Fighting my demon

He’s always there and he’s the sternest of taskmasters. My demon, Mister Perfect.

He looks like Heat Miser and he sits on my shoulder, whispering in my ear. Telling me all the ways I’m falling short.

Listen, if I typed the laundry list of things I need to accomplish over the next two weeks, your eyes would glaze over and you’d be SO outta here. So I won’t. This is a blog, not War and Peace and god knows we see enough venting on facebook.

But I’ve been catching myself over this past weekend, focusing on what I CAN’T accomplish rather than what I’ve been able to get done, and I need to stop it. Mister Perfect is keeping me from enjoying the cool things I GET to do, and is lying to me about all the things I think I HAVE to do. The choice was mine. They’re all cool things—except the grading, which I do flat-out loathe. 

So the next time the Mister tells me we won’t have enough photographers at the Silent Auction, I’ll tell him we will. When he says that my stories aren’t well written, I’ll him they are. And if he even dares to suggest that I’m a bad partner because the floors aren’t vacuumed, I’ll remind him that self-care begins with prioritizing, and that’s just hot high on the totem pole this week.

Keeping in mind, of course, that the person who really needs to hear all of this is me.




Answer the question!

Look, if you want your message to rise above the thousands of voices your target audience is exposed to every single day, you’ve got to answer the question.

“What’s in it for me?”

May sound simplistic, may sound selfish, but you gotta appeal to viewers on a personal level. Tell them right off the bat why they should buy your product, come to your event, sign your petition. 

And we’re not talking about listing a feature. For instance, say a new car gets great gas mileage. You could say that, but it’s more effective to state the benefit of owning a car that gets great gas mileage. For most folks, that would be more money in our pockets. Ka-ching! For some, it would be less time spent at the filling station. Others would like to know that they’re shrinking their carbon footprint. So the benefit is a fatter wallet, more time for fun things, or being a greener citizen.

Get it?

And by all means, don’t give us a list of benefits. Focus on a primary, maybe one secondary. After that, spell out clearly your mandatories and a call to action. Never assume your audience magically knows what you know. If there is important info that will answer questions your viewer might have, include it someplace…it doesn’t have to shout.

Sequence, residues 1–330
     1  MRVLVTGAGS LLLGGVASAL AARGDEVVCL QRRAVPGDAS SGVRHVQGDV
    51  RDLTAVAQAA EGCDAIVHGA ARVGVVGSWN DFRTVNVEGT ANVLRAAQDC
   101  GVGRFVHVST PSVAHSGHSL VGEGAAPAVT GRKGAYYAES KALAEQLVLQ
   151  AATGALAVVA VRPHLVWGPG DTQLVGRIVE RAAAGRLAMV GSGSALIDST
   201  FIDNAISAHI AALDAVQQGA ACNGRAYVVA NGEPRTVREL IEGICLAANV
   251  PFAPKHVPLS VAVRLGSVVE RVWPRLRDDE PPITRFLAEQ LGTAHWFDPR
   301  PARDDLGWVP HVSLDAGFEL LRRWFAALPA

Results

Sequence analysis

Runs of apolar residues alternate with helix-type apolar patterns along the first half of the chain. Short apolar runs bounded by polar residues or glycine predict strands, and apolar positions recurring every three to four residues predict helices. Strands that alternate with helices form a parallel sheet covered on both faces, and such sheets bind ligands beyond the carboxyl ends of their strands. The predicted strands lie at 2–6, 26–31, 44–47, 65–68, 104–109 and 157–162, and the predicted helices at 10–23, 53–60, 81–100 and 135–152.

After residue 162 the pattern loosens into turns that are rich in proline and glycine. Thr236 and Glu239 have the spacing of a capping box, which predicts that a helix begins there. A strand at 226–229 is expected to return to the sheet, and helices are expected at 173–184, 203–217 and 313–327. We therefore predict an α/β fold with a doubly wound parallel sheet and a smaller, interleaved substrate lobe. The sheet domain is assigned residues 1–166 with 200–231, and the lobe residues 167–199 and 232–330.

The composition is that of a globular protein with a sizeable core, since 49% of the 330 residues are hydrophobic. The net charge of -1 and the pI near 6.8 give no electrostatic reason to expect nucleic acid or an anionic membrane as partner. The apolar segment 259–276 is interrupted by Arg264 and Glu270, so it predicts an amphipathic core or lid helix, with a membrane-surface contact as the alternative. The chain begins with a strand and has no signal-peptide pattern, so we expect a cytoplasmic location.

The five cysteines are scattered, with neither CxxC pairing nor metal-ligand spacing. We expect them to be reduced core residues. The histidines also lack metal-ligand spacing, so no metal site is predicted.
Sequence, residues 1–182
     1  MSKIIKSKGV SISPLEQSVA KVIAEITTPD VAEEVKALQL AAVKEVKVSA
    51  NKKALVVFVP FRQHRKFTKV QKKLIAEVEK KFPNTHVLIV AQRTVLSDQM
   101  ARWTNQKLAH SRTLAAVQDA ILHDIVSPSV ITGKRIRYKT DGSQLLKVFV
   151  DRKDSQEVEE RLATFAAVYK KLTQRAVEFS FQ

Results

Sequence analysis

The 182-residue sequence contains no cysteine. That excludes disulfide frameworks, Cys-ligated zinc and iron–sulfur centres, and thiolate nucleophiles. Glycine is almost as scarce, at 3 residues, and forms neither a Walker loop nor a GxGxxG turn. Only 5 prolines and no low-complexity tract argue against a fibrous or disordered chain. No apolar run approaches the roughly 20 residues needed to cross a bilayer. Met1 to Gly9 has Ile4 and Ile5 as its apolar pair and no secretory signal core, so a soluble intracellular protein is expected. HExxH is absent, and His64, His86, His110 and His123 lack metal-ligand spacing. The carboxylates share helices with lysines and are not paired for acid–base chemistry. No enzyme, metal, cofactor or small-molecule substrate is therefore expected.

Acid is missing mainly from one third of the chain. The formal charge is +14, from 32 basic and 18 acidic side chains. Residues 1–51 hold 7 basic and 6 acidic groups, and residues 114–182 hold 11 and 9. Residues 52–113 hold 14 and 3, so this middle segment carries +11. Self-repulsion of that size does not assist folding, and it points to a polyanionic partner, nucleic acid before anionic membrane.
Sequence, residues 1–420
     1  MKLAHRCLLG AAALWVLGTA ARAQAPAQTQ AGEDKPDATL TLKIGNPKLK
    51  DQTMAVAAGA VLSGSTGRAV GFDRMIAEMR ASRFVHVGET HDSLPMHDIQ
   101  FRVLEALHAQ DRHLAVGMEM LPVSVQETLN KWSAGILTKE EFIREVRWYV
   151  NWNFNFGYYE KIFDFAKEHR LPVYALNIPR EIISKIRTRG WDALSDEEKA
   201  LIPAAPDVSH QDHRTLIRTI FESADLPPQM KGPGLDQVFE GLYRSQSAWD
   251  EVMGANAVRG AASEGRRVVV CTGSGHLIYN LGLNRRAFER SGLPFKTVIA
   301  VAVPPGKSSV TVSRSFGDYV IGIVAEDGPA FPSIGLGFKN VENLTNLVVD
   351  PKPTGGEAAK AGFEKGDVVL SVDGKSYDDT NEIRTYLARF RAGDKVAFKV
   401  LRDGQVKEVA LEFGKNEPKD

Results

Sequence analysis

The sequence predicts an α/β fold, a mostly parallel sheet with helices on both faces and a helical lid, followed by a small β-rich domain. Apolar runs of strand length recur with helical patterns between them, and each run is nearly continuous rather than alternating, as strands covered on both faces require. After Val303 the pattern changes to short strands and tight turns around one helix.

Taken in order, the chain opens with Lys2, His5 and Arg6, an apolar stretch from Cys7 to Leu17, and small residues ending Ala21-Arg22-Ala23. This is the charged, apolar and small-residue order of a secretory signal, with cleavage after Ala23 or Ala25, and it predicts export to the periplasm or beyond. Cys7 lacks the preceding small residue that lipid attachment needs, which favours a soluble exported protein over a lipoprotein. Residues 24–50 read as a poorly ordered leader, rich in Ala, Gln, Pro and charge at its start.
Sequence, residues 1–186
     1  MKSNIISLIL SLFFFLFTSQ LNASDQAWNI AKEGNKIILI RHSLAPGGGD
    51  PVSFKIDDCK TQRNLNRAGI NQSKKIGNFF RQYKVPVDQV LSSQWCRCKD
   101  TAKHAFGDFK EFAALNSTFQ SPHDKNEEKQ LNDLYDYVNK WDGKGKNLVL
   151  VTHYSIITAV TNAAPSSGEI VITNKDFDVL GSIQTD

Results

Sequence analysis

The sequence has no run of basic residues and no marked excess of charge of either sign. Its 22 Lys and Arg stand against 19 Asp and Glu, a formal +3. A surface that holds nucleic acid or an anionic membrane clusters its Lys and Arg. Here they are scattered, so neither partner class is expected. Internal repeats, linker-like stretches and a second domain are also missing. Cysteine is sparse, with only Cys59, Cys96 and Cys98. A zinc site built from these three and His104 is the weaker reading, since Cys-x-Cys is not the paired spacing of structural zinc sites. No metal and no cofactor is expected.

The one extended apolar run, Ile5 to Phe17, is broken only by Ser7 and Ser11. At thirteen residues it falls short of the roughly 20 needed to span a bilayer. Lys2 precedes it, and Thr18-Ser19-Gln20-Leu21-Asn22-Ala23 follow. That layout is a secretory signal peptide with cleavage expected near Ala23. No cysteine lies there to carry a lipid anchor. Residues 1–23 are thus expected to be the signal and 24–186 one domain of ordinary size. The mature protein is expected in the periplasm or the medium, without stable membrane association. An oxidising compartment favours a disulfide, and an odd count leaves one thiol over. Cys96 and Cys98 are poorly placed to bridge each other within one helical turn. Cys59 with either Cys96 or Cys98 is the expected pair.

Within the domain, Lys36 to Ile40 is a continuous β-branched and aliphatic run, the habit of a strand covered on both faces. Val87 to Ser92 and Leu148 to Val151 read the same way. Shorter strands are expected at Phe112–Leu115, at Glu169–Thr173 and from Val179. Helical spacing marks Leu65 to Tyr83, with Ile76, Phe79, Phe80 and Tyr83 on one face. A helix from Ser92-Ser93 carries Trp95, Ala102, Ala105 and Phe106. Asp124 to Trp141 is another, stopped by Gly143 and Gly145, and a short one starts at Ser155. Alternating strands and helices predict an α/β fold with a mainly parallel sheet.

We’ll leave hierarchy, typography, white space, and the other elements and principals of branding and design for another post. 😉

A trademark violation question

Screen shot 2013-06-06 at 11.15.55 AM

A family member just sent me the above query on facebook. It’s regarding a squabble between West Sixth Brewery and Magic Hat.
Here’s my reply:
Well, it does appear that if you flip the 6 logo upside down, it’s eerily similar to the #9 logo. Look at the shape of the 6 and the shape of the 9. They both have thick and thin strokes in the same places and a ball-shaped terminal.

If the 6 was a different typeface, I’d think the comparison might fall apart.

But both are encircled, and have a little accent mark in approximately the same place (the star shape and the # sign), and both are two-color designs with a background color and a foreground color.

Let’s just say I wouldn’t want to be the designer of the 6 logo (he or she didn’t do enough research—they should have found this label and strayed far, far away from these similarities), or want to defend this against a brewing company with (I’m guessing here) much deeper pockets.

Some people think graphic design is easy. This is a great case to demonstrate one way that it’s not. Not only do you have to craft an identity that conveys a message about your client’s brand or service, you also have to do your research to avoid tripping over others’ trademarks and copyrights.

It’s all about the campaign.


It's all about the campaign.

I just wrapped up a job I’m really excited about, for the sixth annual Hands Together in Flatrock Music and Arts Festival. Like many jobs, it started smaller than it ended. I was hired to design a poster and a T-shirt for this annual festival held in a very diverse neighborhood in Nashville. The design was to utilize a hand motif that’s been used previously, and reflect the diversity of the area.

I did a bunch of brainstorming and arrived at a place that felt appropriate for this burgeoning neighborhood. It’s a vibrant place, with lots going on. I sent a rough to my client for approval. He liked it. So together we worked through the approval process for the poster. It went smoothly, and after they were printed, my client got very positive feedback from sponsors and people in the neighborhood.